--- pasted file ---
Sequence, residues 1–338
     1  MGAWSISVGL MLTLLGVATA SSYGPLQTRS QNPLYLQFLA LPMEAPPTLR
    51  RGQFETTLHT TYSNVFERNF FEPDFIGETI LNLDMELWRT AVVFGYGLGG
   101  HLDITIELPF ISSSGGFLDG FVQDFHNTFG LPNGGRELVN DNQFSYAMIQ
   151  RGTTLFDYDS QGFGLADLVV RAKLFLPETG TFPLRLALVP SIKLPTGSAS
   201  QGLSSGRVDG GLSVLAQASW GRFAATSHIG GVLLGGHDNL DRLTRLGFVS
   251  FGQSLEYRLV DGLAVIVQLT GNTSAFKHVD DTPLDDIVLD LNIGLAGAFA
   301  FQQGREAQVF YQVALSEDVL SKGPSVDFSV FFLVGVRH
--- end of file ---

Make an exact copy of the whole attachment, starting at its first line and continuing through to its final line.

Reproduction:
Sequence, residues 1–338
     1  MGAWSISVGL MLTLLGVATA SSYGPLQTRS QNPLYLQFLA LPMEAPPTLR
    51  RGQFETTLHT TYSNVFERNF FEPDFIGETI LNLDMELWRT AVVFGYGLGG
   101  HLDITIELPF ISSSGGFLDG FVQDFHNTFG LPNGGRELVN DNQFSYAMIQ
   151  RGTTLFDYDS QGFGLADLVV RAKLFLPETG TFPLRLALVP SIKLPTGSAS
   201  QGLSSGRVDG GLSVLAQASW GRFAATSHIG GVLLGGHDNL DRLTRLGFVS
   251  FGQSLEYRLV DGLAVIVQLT GNTSAFKHVD DTPLDDIVLD LNIGLAGAFA
   301  FQQGREAQVF YQVALSEDVL SKGPSVDFSV FFLVGVRH